Hispanic Cheeses



It can be hot, now it seems everyone thinks its cool! And, surprise, Mexican cheeses are mild–not hot and spicy. People familiar with South-of-the-Border foods know that Mexicans prefer their Jalapenos on their cheese, not in their cheese.

Today, we all know that Italian cuisine requires Italian cheeses. (Can you imagine grating American cheese over pasta?) The same is true for Hispanic cuisine. Mexican and Caribbean foods simply look and taste better when prepared with authentic Mexican and Caribbean cheeses.

Why? Because Hispanic cheeses are different from American or European cheeses. They look, cook, and taste different.

The most popular varieties of Hispanic cheese are fresh, white cheeses with names like “Queso Blanco”, “Panela”, “Queso Fresco”, “Queso Del Pais”, and “Queso Para Freir”. These cheeses all share similar make procedures and have similar eating and cooking characteristics. They were made by local artisans and had shelf-lives of less than one week. They were literally delivered to market wrapped in banana leaves and unsold pieces were returned after five days!

Fresh Hispanic cheeses are mild tasting and crumbly. They are often eaten as snacks with tropical fruits (this is the Latin version of our U.S. treat of eating aged cheddar cheese with pieces of fresh apple). Fresh Hispanic cheeses are most often used as an ingredient–either crumbled onto a salad or cooked as part of a hot dish.

Queso Blanco
This mild tasting cheese is the most popular cheese South of the Border–both for snacking and cooking. It is wonderful to cook with because unlike American-type cheeses, it will become soft and creamy when heated, but will not melt! With this cheese you can make cheesier stuffed chicken breasts, stuffed peppers, enchiladas and burritos! For a delicious, simple treat, cube the cheese and fry it on a hot skillet.

* Queso Blanco con FrutasTM --Pina y Mango--
  The name of this cheese means "White Cheese with Fruit--Pineapple and Mango". This cheese is 25% lower in fat than common cheddar cheese because its loaded with fruit pieces.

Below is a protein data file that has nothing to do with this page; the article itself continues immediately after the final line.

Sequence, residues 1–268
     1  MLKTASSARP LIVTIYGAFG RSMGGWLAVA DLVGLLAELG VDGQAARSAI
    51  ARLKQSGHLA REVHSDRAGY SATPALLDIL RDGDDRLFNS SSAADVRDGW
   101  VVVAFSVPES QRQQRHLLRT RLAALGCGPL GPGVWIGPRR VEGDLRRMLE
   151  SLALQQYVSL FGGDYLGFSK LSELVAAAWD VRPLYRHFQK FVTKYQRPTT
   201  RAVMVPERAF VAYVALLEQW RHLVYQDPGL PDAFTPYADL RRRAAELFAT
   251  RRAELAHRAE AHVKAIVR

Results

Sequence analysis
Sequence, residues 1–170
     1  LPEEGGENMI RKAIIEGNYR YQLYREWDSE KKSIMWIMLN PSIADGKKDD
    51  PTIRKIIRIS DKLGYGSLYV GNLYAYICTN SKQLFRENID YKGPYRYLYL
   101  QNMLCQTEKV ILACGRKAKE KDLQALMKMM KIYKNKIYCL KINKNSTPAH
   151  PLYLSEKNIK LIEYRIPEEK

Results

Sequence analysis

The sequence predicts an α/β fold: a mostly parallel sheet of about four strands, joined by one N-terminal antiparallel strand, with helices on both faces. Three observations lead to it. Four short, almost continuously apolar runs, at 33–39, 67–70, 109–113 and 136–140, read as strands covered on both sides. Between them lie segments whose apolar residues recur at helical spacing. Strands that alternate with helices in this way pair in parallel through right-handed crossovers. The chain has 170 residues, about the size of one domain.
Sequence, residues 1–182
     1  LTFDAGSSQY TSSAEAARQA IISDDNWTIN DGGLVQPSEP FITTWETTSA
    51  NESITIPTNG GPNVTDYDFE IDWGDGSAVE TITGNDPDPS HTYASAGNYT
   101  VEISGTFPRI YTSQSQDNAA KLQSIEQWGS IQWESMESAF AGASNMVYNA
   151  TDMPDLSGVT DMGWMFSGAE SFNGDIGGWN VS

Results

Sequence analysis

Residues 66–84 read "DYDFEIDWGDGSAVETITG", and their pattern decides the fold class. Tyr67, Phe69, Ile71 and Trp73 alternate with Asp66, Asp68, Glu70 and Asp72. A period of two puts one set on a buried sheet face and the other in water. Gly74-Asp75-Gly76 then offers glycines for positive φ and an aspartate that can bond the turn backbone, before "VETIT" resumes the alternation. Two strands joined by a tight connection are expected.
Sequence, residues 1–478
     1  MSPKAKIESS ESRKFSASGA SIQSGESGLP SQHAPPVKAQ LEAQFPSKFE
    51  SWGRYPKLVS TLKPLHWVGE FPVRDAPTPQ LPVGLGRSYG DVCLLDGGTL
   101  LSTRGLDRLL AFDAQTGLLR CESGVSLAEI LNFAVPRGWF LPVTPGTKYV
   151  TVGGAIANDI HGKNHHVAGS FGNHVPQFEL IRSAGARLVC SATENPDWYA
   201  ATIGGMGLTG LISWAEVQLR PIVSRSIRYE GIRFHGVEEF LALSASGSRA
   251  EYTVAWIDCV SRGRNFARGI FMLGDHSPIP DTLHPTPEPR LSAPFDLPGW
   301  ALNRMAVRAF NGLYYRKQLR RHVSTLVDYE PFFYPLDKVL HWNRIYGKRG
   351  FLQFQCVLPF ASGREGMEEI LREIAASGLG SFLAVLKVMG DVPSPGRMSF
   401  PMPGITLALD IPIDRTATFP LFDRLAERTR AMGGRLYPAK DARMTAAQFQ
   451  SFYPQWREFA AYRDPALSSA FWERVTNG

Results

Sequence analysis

The cheese is a delightful sweet treat. You can cube the cheese and pan fry it for a delicious toasted appetizer since the cheese will become soft and creamy when heated but will not melt.  Or, place the cubed cheese on a shish-ka-bob for a grilled delight since it won't melt off the skewer!

  How about a better cheeseburger?First, mix the crumbled cheese into ground meat then form into patties. Then grill or fry as usual. Your family will love these "cheese-in-the-burgers"!

* Panela
  The most popular fresh cheeses in Mexico. This cheese is mild, white, and crumbly. Like Queso Blanco it will not run when heated--it will get soft and creamy but will not lose its shape. The cheese is used in Mexico for many cooked dishes and is commonly crumbled over salads, tacos, chili and burritos.

* Queso Para Freir
  Very popular among people from the Caribbean. This cheese is used frequently for frying because it resists melting even more than Queso Blanco. In fact it is a variation of Queso Blanco that is similarly white and crumbly, but saltier.

* Queso Fresco
  Very popular among many people of Mexican descent due to its fine-grained texture. It is often used to crumble over salads or put in refried beans.

The key to understanding “fresh” Hispanic cheeses is understanding that they do not melt. When heated these fresh cheeses become warm and soft but do not lose their shape or run. This characteristic is essential in many Hispanic dishes–and a requirement that no common cheese can meet. For instance many Hispanic dishes use cheese as a stuffing ingredient–Enchiladas and Chile Rellenos are popular examples. In such dishes the use of common cheese as an ingredient results in the cheese melting during cooking and running out. However, use of Queso Blanco for example, would allow the chef to present the diner with the cheese soft, warm and in the food, not running all over the plate. Thus, the chef is able to offer a truly superior end-dish by using Queso Blanco–an end-dish that looks and tastes better!

As another example, true Mexican refried beans have fresh cheese mixed into the dish during cooking–not merely shredded onto the surface as a garnish. The fresh, white cheese usually used (Panela) will not melt in the dish. Instead, the authentic refried beans dish offers the diner a delightful mixture of savory bean and refreshing cheese morsels.

Another example of the importance of using authentic cheese in Hispanic cooking is in Caribbean Fried Cheese recipes. These dishes, essentially require that the cheese be cut into large 1/2" to 1" cubes and thrown directly onto a hot frying pan. The cheese should get warm but not lose its shape. The cheese is usually served after it has browned on all sides–but has not melted. Clearly no common cheese can be used in such a recipe. Only a “fresh” Hispanic cheese such as Queso Para Freir will suffice for demanding preparation situations such as this. Increasing numbers of “American” restaurants are using this cheese as a replacement for breaded mozzarella sticks because of consumer comments and the fact that since it will not melt, it will not gum-up the operation of their deep fat frier if it is left unattended for too long. It is often served both plain as an appetizer and dipped in powdered sugar as a dessert.